It was a generation ago when Intel, less than three years old, created the three fundamental building blocks of the compute era: the DRAM, the EPROM and the Microprocessor, an incredible feat of innovation by any measure. Manufacturing yield, not power or performance determined success of failure and in the first two
decades 2[SUP]nd[/SUP] sourcing was required for end customers to adopt the new products. Intel, though, lost control to a throng of well-capitalized DRAM competitors and would be a footnote in history if IBM had not selected the 8088 for the original PC and allowed Intel to pursue a sole source strategy. History is once again knocking at the door as the company returns to a manufacturing centricity that looks to remain a sole source supplier for the mobile computing era while leveraging its assets for complementary partners, especially those who service the Data Center build out. The transition from Paul Otellini to Brian Krzanich and Renee James will signal something even greater though, it will be the transformation of Intel to a monopoly not of architecture but one based on software.
Paul Otellini’s retirement marks the end of the road for x86 processors taking the limelight over process technology. It has actually been in the making since the turn of the century. As Intel continued to push the envelope on MHZ and performance in the late 1990s, the market was pulling in a completely different direction, first with the help of Wifi and then with 3G/4G cellular. The big Aircraft Carrier was distracted at first by the need to overcome AMD’s 64-bit lead and the growing threat posed by nVidia. Otellini orchestrated this turn around successfully but at the expense of even a dabbling in a new low power architecture. The announcement of the new Silvermont Architecture would have been much more significant if it was introduced in 2009, when Apple was in the development stages of its iPAD and if it was in synch with the press rollout of the 22nm trigate process. Intel is playing catch up but as with the past the process technology will be there to bail them out.
Intel’s massive investment in Capex still remains a strategic mystery to all but perhaps Andy Bryant and Krzanich. Is there a line in the sand at 14nm that is in reality a chasm? And beyond 14nm is 450mm like the cliffs of Dover in terms of economic scaling, reachable by Intel first and with a great lag by others. Krzanich’s chief job then has to be to extend the die cost lead that in essence turns the new mobile tablet and smartphone markets into a <$9 affair. Intel will abandon the premium price model that has existed since the late 1980s and looks more and more like a microcontroller in order to sell billions and billions of mobile units and thwart ARM. The x86 has to become a jellybean part.
Part of the argument against Intel is that it can not withstand the attack of multiple ARM vendors sourced through the Fabless ecosystem. In addition, everyone knows the x86 architecture is not designed for low power. With Silvermont, the second is no longer a question. Circuit design tricks not instructions determine power consumption and sleep power can be driven to the floor on any architecture. There is credence to the multi vendor attack strategy but overlooked by many is that what is occurring now is a compression of margins between the silicon designer and the Fab or Foundry. Intel hesitated to take this route due to the fact it did not want to undermine its existing PC business. The Mobile ULV parts selling in PCs will continue to be sold for several hundred dollars more than a Silvermont part. Silvermont on a leading edge node, in parallel with Haswell is Intel’s recognition that they have to perform an Innovator’s Dilemma on themselves at the moment that the tablet market mushrooms to hundreds of millions of units. So while Intel unleashes products that are likely to generate a little under 50% Gross Margins, the fabless players must figure out how they and TSMC can redraw the margin stack that traditionally has called out 50% margins for both players. It’s in this scenario that the market unfolds.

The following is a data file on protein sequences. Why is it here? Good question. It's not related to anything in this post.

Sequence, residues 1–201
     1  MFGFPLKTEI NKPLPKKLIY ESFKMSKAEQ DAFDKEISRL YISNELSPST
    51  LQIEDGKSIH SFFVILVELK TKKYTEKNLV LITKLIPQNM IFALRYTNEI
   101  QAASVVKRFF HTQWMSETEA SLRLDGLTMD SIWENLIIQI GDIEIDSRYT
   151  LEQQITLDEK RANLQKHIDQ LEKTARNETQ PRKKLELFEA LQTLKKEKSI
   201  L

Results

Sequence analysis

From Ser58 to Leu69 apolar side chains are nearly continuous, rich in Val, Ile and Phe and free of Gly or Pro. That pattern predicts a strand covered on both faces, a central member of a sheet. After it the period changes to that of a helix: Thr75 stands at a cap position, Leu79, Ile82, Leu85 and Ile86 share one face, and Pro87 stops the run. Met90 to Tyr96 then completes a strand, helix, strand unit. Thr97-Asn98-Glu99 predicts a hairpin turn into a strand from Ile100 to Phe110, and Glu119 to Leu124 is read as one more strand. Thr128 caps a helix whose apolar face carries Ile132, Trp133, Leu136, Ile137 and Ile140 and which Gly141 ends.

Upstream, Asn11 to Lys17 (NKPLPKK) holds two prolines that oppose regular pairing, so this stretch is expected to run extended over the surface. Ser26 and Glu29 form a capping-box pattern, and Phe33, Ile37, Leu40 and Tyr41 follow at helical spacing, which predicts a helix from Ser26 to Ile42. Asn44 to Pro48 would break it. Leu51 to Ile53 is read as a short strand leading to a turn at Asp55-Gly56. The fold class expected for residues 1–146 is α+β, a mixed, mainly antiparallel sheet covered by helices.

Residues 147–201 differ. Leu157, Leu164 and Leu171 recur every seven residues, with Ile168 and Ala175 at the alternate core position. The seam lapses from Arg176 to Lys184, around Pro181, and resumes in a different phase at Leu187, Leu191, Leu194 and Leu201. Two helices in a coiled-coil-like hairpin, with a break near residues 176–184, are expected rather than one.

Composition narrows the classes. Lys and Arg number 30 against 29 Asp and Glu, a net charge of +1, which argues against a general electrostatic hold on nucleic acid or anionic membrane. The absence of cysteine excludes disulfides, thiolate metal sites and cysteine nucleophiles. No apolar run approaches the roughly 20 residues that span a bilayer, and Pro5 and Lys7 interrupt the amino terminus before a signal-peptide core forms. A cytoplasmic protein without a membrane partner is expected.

The elevation of Renee James to President in concert with Brian Krzanich’s CEO announcement could be a rare, underappreciated game changer. Over the past 12 months, the Google Android platform has been forked and dissected by Amazon, Samsung and Intel to meet their needs and not that of the “Be Not Evil” folks. Renee’s previous position as head of Software at Intel and a director on VMWare’s board may mean that Intel intends to take control of the different flavors of the Mobile Software Ecosystems that eventually become tuned to x86. With Virtualization and security thrown in (Androids true achilles heel) any mobile device will be able to run any software app regardless of the underlying instruction set. So in a way the thirty-year x86 monopoly gets morphed into an advanced Fab monopoly through an army of Intel software engineers.
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